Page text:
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The Best Vitamins for Skin Elasticity

author image Sandi Busch
Sandi Busch received a Bachelor of Arts in psychology, then pursued training in nursing and nutrition. She taught families to plan and prepare special diets, worked as a therapeutic support specialist, and now writes about her favorite topics – nutrition, food, families and parenting – for hospitals and trade magazines.
The Best Vitamins for Skin Elasticity
Bottles of vitamins spilling colourful pills onto a wood table. Photo Credit: Anna Lurye/iStock/Getty Images

Skin acts like a sentinel, protecting you from invading bacteria and environmental stressors such as sunlight and cigarette smoke. Your skin is such a complex organ that it demands many nutrients to stay healthy, from proteins and fats to a range of minerals and vitamins. But two vitamins are especially essential for strong, elastic skin: vitamin C and vitamin E.

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Healthy Skin 101

The top layer of your skin, the epidermis, forms a physical barrier, which holds moisture in and blocks out damaging substances. The layer of skin below the epidermis -- the dermis -- is the area responsible for other vital functions. The dermis contains nerves, blood vessels, glands that produce oil and sweat, and the roots that anchor hair. This is also where two proteins are produced, collagen and elastin, and where they intertwine to support your skin’s structure. Resilient elastin is responsible for skin’s elasticity, while collagen fibers contribute strength.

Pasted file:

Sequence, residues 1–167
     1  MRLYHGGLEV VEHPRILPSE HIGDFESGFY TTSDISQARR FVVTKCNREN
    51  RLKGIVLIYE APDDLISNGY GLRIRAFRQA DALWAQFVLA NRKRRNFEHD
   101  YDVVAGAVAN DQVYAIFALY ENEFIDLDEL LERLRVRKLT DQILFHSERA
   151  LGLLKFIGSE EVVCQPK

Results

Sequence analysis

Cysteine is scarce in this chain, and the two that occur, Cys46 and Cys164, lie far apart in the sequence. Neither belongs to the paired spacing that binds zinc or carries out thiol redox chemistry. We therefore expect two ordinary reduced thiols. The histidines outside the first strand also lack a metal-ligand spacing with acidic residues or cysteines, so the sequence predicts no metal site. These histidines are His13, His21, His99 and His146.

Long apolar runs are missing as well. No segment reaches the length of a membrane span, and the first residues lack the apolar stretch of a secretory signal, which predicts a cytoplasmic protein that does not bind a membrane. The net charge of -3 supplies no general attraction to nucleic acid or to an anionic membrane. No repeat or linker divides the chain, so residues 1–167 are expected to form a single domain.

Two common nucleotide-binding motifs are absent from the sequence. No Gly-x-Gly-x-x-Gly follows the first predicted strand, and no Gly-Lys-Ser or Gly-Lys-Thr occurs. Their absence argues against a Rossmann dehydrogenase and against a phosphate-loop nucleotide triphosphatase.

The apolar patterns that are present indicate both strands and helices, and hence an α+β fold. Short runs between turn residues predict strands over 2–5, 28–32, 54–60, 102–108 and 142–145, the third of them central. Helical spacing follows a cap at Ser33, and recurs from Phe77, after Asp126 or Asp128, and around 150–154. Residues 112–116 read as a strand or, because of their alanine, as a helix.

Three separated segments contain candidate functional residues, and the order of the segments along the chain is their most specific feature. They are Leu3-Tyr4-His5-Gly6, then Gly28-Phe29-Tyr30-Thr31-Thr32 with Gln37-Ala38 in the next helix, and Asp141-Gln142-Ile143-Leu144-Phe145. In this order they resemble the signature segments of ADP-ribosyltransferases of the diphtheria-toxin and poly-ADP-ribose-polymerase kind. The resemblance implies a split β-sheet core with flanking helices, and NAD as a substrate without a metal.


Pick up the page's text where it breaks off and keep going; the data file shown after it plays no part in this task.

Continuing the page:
Vitamin C for Collagen and Elastin

Your skin needs optimal levels of vitamin C to stay firm and elastic because this vitamin is essential for producing collagen and elastin. Aging and exposure to sunlight or pollutants deplete the amount of vitamin C in skin, while consuming vitamin C boosts its levels, reports the Linus Pauling Institute. Women should get 75 milligrams daily, while men need 90 milligrams. You can get about 100 percent of your daily intake by eating 1/2 cup of sweet peppers or a medium orange. Other good sources include broccoli, cabbage, potatoes, strawberries and cantaloupe.

Vitamin E for Antioxidant Protection

You may be familiar with vitamin E as an ingredient in topical creams, but it also works inside your skin as an antioxidant. Reactive molecules known as free radicals are produced when skin is exposed to sunlight or other environmental stressors. Vitamin E neutralizes free radicals before they harm skin cells in the skin's barrier. Since sunlight and free radicals also damage collagen and elastin, antioxidant protection helps maintain skin's strength. The recommended dietary allowance for vitamin E is 15 milligrams daily. The best dietary sources are sunflower seeds, wheat germ, peanuts, almonds, hazelnuts and vegetable oils, such as safflower, sunflower, corn and olive oil.

Supporting Cast of Vitamins

Vitamin D helps regulate the growth of new skin cells. Since new cells form the skin's protective barrier, they hold in moisture and maintain flexible skin. You also need vitamin B-12, folate and vitamin B-6 for their ability to lower blood levels of the amino acid homocysteine. High levels of homocysteine may block enzymes essential for the normal meshing of collagen and elastin, according to the Medical Biochemistry Page. Other B vitamins, including biotin and niacin, also contribute to healthy skin. Since these vitamins come from diverse food sources, the best strategy is to eat a balanced diet that includes fruits, vegetables, lean protein and whole grains.

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